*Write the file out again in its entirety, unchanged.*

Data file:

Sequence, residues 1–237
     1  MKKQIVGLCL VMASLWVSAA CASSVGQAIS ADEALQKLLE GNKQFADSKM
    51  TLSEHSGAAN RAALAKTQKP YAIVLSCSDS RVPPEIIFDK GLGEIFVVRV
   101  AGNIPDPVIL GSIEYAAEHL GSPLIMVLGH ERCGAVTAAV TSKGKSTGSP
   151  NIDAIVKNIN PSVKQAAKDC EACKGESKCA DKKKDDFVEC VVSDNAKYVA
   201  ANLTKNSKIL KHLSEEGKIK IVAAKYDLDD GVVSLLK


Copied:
Sequence, residues 1–237
     1  MKKQIVGLCL VMASLWVSAA CASSVGQAIS ADEALQKLLE GNKQFADSKM
    51  TLSEHSGAAN RAALAKTQKP YAIVLSCSDS RVPPEIIFDK GLGEIFVVRV
   101  AGNIPDPVIL GSIEYAAEHL GSPLIMVLGH ERCGAVTAAV TSKGKSTGSP
   151  NIDAIVKNIN PSVKQAAKDC EACKGESKCA DKKKDDFVEC VVSDNAKYVA
   201  ANLTKNSKIL KHLSEEGKIK IVAAKYDLDD GVVSLLK